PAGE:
Conferences have a way of splitting their attendees into two groups, and the Seybold San Francisco Expo was no exception. In the conference rooms, executives and managers hypothesized on the future of publishing, debating standards for electronic document distribution and high-fidelity color halftone screens. But on the floor, dashing from display to display, were the users. The users work in the trenches, pushing the machines and software everyday – for hours and hours – and they wanted a peek at their future. They wanted to see the products that could make their work easier, more productive, and more creative.
A number of vendors offered faster imagesetters with an increasing number of features. Others lauded direct-to-plate printing from the desktop for short-run color printing jobs. But the most excitement focused on none other than the Macintosh and related products. It’s refreshing to see that our beloved machine still has a stronghold in the publishing industry.
Of interest mainly to publishers were a number of companies offering high-end solutions to age-old printing problems. It seemed that at almost every second booth, another software firm offered WYSIWYG trapping applications (programs that deal with the interface between colors on a printed page). On-screen imposition programs were quite popular as well. [Imposition programs print multiple pages of a publication on a single piece of film in the proper sequence and orientation for going directly to the press to facilitate final folding and bindery, bypassing the film stripping process, which involves pasting individual pieces of film onto another piece of paper. -Adam] But all eyes continuously turned to graphics and design applications.
Instant Images — The obligatory new product buzz was alive and well at Seybold. The honor fell this time on HSC Software with their announcement of Live Picture, a product that promises to change the way we edit images. The $3,495 software package is similar in concept to Adobe Photoshop but with a marked difference: you don’t touch the image.
When you open an image in Live Picture, the program creates a mathematical representation of the data. This process, known as FITS Technology (Functional Interpolating Transformation System), allows real-time editing and correction of any size image. HSC Chairman and CEO John Wilczak proved the power of the software during live demonstrations throughout the conference. Using a stock Quadra 840AV, Wilczak opened a 150 MB file, resized it three times, rotated it twice, and adjusted the contrast – all in less than 15 seconds. He then zoomed into the image more than a dozen times (instantly) and edited the shape of individual pixels to prove his point: there is no data here.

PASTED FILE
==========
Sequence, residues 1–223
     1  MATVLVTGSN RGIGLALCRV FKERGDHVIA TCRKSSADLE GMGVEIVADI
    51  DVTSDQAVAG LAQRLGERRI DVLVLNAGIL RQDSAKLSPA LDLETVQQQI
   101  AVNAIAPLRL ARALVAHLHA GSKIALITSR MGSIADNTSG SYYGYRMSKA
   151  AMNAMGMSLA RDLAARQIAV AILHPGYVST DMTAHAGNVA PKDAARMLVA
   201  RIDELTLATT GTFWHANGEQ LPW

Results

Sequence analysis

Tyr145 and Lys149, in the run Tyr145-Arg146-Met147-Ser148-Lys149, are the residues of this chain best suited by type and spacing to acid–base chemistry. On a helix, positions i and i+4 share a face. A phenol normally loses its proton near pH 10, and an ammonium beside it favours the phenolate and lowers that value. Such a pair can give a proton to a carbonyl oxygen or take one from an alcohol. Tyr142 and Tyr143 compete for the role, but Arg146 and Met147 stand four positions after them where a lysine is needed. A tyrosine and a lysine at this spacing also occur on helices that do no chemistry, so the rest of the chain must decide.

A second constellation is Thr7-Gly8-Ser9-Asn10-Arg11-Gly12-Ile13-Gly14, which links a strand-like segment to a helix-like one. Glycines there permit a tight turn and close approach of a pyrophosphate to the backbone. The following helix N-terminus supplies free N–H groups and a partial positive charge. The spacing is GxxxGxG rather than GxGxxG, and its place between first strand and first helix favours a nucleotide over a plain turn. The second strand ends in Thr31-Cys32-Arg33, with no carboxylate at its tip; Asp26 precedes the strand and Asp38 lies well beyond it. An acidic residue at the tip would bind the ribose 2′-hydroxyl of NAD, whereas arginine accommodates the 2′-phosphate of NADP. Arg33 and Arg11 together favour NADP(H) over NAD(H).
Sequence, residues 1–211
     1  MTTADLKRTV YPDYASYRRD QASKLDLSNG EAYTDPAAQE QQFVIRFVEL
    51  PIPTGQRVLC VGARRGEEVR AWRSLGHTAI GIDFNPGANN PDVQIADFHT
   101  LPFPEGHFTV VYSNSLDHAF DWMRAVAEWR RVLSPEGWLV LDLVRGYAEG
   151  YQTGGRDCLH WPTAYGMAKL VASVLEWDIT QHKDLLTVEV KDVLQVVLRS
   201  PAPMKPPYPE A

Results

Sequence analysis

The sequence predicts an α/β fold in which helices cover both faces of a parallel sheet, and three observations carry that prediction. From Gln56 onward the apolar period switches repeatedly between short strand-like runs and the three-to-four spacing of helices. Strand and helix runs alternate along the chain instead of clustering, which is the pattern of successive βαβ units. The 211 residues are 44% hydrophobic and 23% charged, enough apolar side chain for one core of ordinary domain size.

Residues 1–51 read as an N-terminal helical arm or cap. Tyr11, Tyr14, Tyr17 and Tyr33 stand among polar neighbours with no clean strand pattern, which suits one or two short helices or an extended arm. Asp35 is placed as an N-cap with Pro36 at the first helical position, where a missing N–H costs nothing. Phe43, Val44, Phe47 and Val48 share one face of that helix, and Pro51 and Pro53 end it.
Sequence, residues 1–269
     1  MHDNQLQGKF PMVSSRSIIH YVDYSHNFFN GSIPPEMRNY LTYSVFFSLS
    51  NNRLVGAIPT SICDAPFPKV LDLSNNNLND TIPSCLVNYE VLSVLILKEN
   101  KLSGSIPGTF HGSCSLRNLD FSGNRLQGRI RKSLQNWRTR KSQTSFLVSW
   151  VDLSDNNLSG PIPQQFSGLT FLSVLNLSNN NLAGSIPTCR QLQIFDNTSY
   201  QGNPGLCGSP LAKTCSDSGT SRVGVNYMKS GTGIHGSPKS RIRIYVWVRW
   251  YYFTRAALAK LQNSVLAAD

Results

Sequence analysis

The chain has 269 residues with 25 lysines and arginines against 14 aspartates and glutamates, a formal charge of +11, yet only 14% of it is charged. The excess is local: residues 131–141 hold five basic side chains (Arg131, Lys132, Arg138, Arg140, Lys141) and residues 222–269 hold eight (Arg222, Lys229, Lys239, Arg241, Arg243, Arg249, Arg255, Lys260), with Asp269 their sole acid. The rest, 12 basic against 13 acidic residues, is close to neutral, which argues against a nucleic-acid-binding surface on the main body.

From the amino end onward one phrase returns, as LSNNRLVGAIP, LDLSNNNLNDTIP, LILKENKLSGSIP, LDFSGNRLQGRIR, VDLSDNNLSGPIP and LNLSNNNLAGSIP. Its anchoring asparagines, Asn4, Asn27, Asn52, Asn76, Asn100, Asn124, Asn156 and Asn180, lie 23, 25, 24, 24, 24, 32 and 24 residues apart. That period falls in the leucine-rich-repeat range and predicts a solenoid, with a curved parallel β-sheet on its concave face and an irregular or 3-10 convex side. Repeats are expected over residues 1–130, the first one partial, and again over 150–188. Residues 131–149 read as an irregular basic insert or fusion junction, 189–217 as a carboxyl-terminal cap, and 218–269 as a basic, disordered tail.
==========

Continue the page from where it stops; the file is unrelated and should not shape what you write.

Once you manipulate the image into a finished product, the real work begins. Since the changes have been made only virtually, saving your work can take some serious time – from a couple of minutes to a few hours, depending on how drastically you altered the image – since Live Picture must now update the data file. Once it completes the calculations; however, you have a finished product and something called a FITS file. This file, containing only the changes you made to the mathematical model, can then be compressed and sent to a client, who can apply it to her copy of the original image. This means that instead of sending a SyQuest cartridge overnight, you send the changes via modem in ten minutes.
The importance of Live Picture was immediately obvious. Now, when editing high-resolution images on the Mac, the focus can be placed entirely on the creative process. No more waiting for screen redraws and filters to calculate. A designer can experiment with many different choices and still meet his deadline.
Of course, this means little to the majority of Mac users who can’t shell out over three grand for an application, not to mention that the program needs a Quadra with 32 MB of RAM. But it is the first step in a new direction and competitors will most likely follow suit with similar technologies.
The technology for Live Picture was developed by Paris-based FITS Imaging and is being ported to the Mac by HSC, who hope to have the product shipping early next year. The company offered an early adoption program, where professional users could help beta test the program. As awed audience members lined up after the demo, Wilczak said he had sold nearly $100,000 worth of Live Image by the third day of the conference [which is actually only about 30 copies… -Tonya].